Juan of Words

Atole de Teja: Sun Flower Seed Porridge

It had been years since I’d had a cup of Atole de Teja!  This past weekend, though, while we were visiting my parents – as I try to do at least once a week – my mother asked ¿No quieres un atolito de teja?  I had to think for a second to remember which one of the dozens of Mexican atoles my mom likes to make this one was.  As soon as I remembered the answer was YES!!

Atole de Teja, which I’m translating as Sunflower Seed Porridge – that’s the closest word I could find to atole – is made up of several ingredients including cinnamon sticks and Mexican powdered brown sugar, better known as piloncillo at our house.  The texture of this just-sweet-enough drink is pretty thick and smooth.  It’s color is usually a dark gray or black.

Girasol (sunflower) seeds are used to make the Atole de Teja.

Now this particular atole de teja was made from fresh Mexican sunflower seeds (semillas de girasol) my mother purchased on her most recent trip to our rancho.  I’ve only seen it made with sunflower seeds from Mexico… not sure if you can make it with other sunflower seeds, but I would think so??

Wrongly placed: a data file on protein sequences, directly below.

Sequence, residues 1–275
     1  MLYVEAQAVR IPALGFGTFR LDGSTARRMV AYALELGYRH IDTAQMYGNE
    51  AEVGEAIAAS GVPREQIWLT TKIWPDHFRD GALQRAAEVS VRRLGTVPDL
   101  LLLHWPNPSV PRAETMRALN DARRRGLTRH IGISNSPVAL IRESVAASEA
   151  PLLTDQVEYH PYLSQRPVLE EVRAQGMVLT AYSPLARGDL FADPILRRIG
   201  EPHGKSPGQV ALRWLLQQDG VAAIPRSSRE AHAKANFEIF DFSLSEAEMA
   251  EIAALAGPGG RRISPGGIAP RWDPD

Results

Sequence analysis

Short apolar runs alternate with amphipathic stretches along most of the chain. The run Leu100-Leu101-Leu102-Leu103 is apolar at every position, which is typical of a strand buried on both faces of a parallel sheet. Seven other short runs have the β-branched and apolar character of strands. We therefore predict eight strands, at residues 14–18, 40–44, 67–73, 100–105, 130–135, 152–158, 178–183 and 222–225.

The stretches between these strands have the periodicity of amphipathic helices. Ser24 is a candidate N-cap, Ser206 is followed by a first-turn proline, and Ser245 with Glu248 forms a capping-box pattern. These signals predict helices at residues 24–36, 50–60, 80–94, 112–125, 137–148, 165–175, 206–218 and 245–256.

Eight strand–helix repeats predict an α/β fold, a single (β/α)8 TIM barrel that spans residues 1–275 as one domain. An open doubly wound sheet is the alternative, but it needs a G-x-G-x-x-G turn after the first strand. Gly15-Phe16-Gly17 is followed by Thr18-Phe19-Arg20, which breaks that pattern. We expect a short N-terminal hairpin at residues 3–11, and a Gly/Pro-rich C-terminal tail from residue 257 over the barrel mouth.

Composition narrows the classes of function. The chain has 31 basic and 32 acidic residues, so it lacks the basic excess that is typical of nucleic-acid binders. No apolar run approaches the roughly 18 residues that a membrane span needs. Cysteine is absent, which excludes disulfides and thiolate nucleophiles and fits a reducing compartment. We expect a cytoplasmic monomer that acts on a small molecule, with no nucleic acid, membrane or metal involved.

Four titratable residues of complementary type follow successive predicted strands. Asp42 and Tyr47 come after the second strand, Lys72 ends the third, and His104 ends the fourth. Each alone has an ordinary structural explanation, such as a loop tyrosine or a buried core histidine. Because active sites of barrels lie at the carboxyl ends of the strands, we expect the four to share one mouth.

Once it's done it's a little thick and looks like this.

My first instinct was to take pictures and save them for this post, but before I knew it my cup was empty and my lips and teeth were all black.  That’s the thing about atole de teja – it’s kind of messy and probably not the kind of drink you want to drink before an important meeting or get together.

Mmmm... I want some now!

Instead, there are very specific occasions when you’re supposed to have a nice hot cup of sunflower seed porridge.  The lady in the video these pictures are from (Engracia Gonzalez – what an awesome name), who is coincidentally also from San Luis Potosi, says atole de teja is prepared and served at posadas, levantadas (a religious celebration) and the day after Three Kings Day.  We’ve had it at Christmas and funerals as well… or just as a treat when my jefita comes back from Mexico now too.

A little while later that day my younger brother walked in the door.  My mother greeted him with the same offer.  He looked a little confused too for a second, then I told him it’s the black atole.  He said yeah, I haven’t had that in years!  Now my mom is convinced she needs to return to Mexico to purchase more Mexican sunflower seeds.

I may beat her to the punchline if I can find these seeds at the local marqueta first!

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